Socialising has run through my veins for as long as I can remember. I was brought up as an only child and not relying on the safety net of a brother and sister meant that I always had get out of my comfort zone to make new friends.
My first job at 16-years-old was serving breakfast in a hotel, then it was waitressing in our local restaurant and as soon as I turned 18 I had two pub jobs and started working in a nightclub – but the socialising didn’t stop there. At university I studied events and hospitality management and then when I moved to London, I joined a company that revolved around client entertaining, hosting events and going out to bars and nightclubs to recommend to our clients. Basically, I LOVE to host, network and I thrive when meeting new people.
It was no surprise then that, at 13, when I had my first taste of alcohol (the so-called social elixir) that I fell madly, deeply in love! I had found something that could enhance my social situations (or so I thought at the time), something that made me feel grown-up and something that gave me more energy and allowed me to be even more confident. From that moment on, alcohol played a heavy part in my life. Not only was it (and still is) woven into the social fabric of the world but the career path I had chosen for myself was essentially based around socialising with alcohol too.
After years of being in a negative cycle of destructive behaviour from the ages of 25 – 28 and always dipping in and out of sobriety, I realised in 2018 that it was finally time to hang up my drunk-dancing shoes and replace them with shiny new sober ones. I really hadn’t ever known my life from a young age without alcohol. I didn’t know what it meant to socialise sans booze, what a relationship looked like without alcohol, what a sober night out felt like or who I really was without my party girl persona.
Questions I asked myself (and ones you’ll no doubt ask too) included:
Will I still be fun?
Will people think I’m boring?
Will I still be able to enjoy a night out?
Becoming the ultimate sober party girl
But the truth is, I am more confident, fun, present, exciting and kinder with my sober shoes on and none of my sober socialising fears came true. I even used my experience and passion of hospitality, meeting new people and putting on events to create my business Sober & Social where I help others to feels empowered, confident and supported on their sober journeys!
So here are my 5 top-tips for sober socialising:
1. Prepare yourself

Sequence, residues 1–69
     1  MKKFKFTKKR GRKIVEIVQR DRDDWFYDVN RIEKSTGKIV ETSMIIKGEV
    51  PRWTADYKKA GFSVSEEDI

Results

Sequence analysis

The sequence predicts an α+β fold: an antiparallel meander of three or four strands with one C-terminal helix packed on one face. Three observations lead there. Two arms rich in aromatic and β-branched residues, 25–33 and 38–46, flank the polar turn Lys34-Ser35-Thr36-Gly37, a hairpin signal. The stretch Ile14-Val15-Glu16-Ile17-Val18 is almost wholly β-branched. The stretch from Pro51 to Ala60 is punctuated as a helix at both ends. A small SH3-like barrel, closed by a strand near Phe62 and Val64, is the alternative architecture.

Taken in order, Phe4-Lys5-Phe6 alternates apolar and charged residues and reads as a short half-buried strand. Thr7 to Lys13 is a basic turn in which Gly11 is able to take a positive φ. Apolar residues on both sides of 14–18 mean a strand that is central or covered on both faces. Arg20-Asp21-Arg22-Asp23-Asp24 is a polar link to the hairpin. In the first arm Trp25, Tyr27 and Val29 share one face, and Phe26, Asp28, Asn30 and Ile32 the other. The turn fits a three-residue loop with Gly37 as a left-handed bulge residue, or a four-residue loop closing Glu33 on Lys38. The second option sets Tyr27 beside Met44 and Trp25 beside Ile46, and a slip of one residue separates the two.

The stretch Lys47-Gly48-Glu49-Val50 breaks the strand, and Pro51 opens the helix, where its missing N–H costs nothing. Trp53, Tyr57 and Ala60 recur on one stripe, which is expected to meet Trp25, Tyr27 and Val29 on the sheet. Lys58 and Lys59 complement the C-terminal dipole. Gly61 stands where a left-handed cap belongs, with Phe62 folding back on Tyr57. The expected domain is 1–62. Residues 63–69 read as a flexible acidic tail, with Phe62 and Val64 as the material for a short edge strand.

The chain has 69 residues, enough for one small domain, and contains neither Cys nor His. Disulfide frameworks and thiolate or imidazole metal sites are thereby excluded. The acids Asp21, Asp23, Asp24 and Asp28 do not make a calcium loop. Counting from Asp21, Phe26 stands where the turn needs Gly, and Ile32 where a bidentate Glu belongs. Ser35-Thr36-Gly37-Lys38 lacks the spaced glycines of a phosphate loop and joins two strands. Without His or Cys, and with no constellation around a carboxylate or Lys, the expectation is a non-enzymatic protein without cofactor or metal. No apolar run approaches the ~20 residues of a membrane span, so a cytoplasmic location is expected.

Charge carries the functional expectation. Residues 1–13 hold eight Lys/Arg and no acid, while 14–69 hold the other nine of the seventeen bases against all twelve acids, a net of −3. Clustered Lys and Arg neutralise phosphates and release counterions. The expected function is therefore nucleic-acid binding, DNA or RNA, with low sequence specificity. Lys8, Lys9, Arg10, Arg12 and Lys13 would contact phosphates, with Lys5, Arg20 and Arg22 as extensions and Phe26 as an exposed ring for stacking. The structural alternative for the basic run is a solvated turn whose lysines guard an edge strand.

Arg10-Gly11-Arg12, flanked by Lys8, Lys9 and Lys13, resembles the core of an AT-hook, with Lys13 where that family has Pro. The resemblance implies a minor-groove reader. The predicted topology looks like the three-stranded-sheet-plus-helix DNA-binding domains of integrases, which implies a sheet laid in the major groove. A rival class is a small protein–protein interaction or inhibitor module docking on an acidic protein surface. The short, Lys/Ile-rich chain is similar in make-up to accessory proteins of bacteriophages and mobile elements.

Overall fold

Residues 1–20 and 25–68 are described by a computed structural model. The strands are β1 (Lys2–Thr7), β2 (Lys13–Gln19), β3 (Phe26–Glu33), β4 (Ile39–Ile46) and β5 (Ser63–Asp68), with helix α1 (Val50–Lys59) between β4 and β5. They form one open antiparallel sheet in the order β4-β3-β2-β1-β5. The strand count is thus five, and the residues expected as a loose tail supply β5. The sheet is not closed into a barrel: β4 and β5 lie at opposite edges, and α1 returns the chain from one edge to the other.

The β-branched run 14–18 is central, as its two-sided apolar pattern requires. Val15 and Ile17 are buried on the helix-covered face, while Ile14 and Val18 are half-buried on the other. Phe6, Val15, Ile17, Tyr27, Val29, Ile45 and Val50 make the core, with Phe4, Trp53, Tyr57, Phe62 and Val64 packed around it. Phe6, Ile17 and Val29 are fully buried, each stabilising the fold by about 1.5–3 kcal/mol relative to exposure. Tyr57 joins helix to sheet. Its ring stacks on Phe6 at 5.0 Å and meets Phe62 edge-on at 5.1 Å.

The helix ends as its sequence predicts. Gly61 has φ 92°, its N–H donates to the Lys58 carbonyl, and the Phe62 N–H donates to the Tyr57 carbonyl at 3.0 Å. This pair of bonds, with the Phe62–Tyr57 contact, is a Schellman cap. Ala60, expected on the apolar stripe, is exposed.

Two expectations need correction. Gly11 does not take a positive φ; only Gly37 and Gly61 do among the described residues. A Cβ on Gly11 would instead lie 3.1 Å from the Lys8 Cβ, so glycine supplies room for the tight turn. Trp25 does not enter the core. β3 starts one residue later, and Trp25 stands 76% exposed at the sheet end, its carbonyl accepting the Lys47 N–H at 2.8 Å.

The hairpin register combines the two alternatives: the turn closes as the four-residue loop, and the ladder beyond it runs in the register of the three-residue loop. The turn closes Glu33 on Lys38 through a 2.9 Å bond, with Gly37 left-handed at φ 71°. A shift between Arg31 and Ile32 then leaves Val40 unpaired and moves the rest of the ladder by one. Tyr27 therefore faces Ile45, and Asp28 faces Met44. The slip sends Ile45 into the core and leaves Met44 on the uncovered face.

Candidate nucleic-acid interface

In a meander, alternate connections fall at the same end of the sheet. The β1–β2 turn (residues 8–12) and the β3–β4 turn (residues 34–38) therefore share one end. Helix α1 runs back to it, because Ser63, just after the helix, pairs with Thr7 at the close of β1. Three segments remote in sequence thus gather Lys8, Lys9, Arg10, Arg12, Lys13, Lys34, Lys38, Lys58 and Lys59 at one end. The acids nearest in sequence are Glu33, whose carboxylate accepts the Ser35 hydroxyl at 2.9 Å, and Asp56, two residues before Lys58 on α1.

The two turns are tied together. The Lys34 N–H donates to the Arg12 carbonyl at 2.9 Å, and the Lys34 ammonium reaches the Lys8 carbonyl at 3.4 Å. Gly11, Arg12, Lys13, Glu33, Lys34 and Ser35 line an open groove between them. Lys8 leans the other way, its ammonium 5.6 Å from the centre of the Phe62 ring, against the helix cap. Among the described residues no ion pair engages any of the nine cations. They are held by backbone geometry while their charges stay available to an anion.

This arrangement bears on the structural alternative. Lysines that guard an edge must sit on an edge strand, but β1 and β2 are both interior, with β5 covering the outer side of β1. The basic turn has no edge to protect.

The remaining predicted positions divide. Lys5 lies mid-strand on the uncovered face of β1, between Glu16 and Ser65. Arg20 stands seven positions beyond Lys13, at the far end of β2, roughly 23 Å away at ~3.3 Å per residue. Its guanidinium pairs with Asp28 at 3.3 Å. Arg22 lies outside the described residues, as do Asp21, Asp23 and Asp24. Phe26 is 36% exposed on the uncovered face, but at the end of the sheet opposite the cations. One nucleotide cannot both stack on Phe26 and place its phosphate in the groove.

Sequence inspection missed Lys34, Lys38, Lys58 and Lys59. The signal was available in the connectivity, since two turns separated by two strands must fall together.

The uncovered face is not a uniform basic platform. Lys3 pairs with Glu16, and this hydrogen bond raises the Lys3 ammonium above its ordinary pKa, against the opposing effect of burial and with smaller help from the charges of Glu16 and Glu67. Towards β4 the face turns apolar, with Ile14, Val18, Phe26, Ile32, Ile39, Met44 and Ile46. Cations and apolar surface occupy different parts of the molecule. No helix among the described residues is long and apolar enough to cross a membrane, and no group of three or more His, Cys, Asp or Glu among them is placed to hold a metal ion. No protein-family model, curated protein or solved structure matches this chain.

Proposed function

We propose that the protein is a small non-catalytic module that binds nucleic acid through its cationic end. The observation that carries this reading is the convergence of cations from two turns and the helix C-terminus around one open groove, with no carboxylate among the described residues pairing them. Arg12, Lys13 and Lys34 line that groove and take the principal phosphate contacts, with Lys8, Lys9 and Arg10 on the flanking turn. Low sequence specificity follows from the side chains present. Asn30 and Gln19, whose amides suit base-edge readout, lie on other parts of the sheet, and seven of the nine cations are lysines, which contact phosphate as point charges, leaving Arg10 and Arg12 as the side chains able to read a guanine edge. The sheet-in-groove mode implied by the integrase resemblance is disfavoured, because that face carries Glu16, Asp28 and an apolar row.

Before a sober night out I like to really get in the mood. This would previously look like downing a bottle of rosé while getting ready but these days I like to get myself in a positive mindset as I feel this is crucial for enjoying (and let’s be honest) surviving a sober night out. I meditate for 10 minutes, go for a run, have a bath and then pour myself some kombucha. Stick some house tunes on and voilà you are ready to go face the night head on! My theory is, if we feel at our best we are less likely to engage in behaviours that we know aren’t good for us.
2. Order a soft drink first
Now this might sound blindingly obviously because let’s face it – what else are you doing to order? BUT make sure this is the first thing you do, this can be the biggest hurdle when you arrive and everyone is ordering alcohol or there are trays being passed around. Its VERY easy to get into the ‘oh I will just have one mentality’ so ordering your AF drink early takes the battle out of your head.
3. Embrace Conversation
On a night out the only thing I would usually worry about is where my next drink is coming from or if the waiter was on their way to top up my glass. I was very rarely engaged or present in the conversations I was having. In my sobriety I care about what people have to say, want to ask questions and find out more about them. I find I leave nights out feeling more fulfilled and enriched through deeper connections.
4. Phone a friend
We are always going to encounter tricky sober socialising situations that we find triggering, uncomfortable or anxiety-inducing. I recommend having a sober pal on speed dial so that if you need some support you always have someone to help you through and remind you why picking up that drink is never a good idea.
5. Don’t be afraid to leave
Don’t feel like you have to stay the entire evening. The fact you have shown up, had a good time and been present is enough. When we are drinking we usually order more alcohol to keep the night going but in sobriety our mind and bodies let us know when we have had enough. We instinctively know when we’re meant to leave and it’s great to be able to listen to ourselves, know we have had a great night and can wake up in the morning feeling fresh.
My final advice to you is ANYTHING is possible, NOTHING is as scary as it first my seem, and life, friendships, relationships and social situations are without doubt more rewarding and vibrant sober.
Written by Emily Syphas
Emily is founder of Sober & Social a global brand and community that supports those wanting to explore and lead a teetotal lifestyle. The core ethos of Sober & Social is to empower, encourage and celebrate you living your healthiest and happiest life. Sober & Social was founded on the basis that going alcohol free shouldn’t mean missing out or having to compromise on your social life.